We're not sure how it works, but the result is an easy-to-use experience once you get the hang of it. It's also pretty spiffy and sure to be a conversation piece for the short term. We like it because it solves a big problem from which the previous versions of the handset suffered. Instead of a crowded arrangement where almost every key had to serve two different functions, the e-ink keyboard offers a much cleaner experience. Only one character is displayed at a time, and keys not in use go completely white.
In vertical mode you'll see the standard numeric keypad, plus several shortcuts for Bluetooth, the messaging menu, the alarm clock, voice dialing, the camera, the games menu, and the speakerphone. The shortcut keys stay lit when in standby mode, but most turn off when you're in the interior menus. The Talk and End buttons and a clear/back key are squashed between the keypad and the navigation buttons. Though we got used to their location after a few minutes, we had to hunt for these controls during our first test. Ideally, we'd prefer if they were a different color than the keypad buttons. Since they're also white, they're difficult to find.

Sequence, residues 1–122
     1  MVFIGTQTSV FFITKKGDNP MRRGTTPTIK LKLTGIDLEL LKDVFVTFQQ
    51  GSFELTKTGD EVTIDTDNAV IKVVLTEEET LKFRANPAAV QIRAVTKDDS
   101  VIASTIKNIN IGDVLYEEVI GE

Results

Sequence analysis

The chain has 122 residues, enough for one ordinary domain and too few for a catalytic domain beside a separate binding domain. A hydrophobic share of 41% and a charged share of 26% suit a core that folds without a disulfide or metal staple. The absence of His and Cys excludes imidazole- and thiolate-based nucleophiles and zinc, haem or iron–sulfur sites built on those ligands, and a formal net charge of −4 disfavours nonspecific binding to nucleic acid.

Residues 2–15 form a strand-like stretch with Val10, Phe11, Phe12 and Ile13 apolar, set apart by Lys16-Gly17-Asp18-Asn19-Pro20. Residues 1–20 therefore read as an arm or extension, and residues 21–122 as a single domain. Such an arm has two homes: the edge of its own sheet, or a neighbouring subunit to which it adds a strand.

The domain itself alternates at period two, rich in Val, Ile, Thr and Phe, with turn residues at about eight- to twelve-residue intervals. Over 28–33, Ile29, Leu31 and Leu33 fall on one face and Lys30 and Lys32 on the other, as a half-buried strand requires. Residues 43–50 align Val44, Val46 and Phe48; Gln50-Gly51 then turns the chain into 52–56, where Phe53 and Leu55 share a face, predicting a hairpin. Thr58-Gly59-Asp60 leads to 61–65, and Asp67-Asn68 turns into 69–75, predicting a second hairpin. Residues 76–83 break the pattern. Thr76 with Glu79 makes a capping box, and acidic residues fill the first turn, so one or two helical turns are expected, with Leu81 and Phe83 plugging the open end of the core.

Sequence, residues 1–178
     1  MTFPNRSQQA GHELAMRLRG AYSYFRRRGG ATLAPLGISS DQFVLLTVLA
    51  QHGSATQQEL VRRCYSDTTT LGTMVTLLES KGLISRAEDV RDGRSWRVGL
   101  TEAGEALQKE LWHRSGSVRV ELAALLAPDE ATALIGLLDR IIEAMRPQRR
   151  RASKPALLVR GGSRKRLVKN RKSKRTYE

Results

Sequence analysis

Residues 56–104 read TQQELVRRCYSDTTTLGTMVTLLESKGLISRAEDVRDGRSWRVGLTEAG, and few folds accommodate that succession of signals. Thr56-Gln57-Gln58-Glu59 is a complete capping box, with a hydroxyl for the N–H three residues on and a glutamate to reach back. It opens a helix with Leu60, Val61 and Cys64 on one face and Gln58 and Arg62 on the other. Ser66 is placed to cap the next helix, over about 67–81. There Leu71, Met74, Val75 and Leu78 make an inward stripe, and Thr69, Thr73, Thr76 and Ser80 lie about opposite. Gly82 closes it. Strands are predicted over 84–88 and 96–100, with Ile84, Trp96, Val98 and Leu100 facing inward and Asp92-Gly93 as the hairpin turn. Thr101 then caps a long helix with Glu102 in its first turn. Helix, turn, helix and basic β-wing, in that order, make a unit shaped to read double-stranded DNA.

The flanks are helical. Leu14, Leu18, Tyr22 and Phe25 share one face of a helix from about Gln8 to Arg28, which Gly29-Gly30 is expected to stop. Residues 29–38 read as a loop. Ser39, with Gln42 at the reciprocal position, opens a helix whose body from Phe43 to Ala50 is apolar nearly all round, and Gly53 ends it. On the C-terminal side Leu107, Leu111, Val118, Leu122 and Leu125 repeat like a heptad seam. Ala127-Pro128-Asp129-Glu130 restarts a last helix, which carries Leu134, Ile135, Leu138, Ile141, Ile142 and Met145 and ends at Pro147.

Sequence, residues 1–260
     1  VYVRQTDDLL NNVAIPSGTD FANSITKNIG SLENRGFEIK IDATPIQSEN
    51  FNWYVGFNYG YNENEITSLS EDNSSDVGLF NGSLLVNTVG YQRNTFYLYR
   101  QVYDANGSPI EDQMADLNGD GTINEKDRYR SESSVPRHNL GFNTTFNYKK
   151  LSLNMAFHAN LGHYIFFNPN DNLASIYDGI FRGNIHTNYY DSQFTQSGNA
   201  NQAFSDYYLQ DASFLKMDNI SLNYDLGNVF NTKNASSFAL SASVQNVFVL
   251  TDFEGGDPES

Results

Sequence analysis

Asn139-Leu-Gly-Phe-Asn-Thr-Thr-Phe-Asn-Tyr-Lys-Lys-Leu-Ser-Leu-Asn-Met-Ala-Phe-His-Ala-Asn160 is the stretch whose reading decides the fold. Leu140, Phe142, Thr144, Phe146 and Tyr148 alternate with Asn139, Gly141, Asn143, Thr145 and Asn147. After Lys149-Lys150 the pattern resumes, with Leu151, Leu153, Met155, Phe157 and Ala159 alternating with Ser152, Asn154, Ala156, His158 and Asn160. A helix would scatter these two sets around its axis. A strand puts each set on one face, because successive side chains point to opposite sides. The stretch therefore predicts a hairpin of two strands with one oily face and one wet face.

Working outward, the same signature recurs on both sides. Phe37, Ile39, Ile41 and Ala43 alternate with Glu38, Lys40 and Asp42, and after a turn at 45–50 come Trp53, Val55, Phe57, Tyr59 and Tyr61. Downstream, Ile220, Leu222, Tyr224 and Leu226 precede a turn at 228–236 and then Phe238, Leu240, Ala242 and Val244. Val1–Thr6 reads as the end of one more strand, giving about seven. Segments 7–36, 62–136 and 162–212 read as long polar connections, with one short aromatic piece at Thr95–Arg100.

Fortunately, the navigation controls are dark gray. You'll find four directional arrows and a central OK button in the shape of a cross. Above them on either corner are the two soft keys. On the whole, the navigation buttons were easy to use, but we had one complaint. Because the soft keys are quite a distance from the bottom of the display, they don't sit directly under the corresponding commands on the screen. It's not a huge deal, but it did take some getting used to. Also, in our first minutes of use we had to remember that the clear key was down in the middle of the keypad.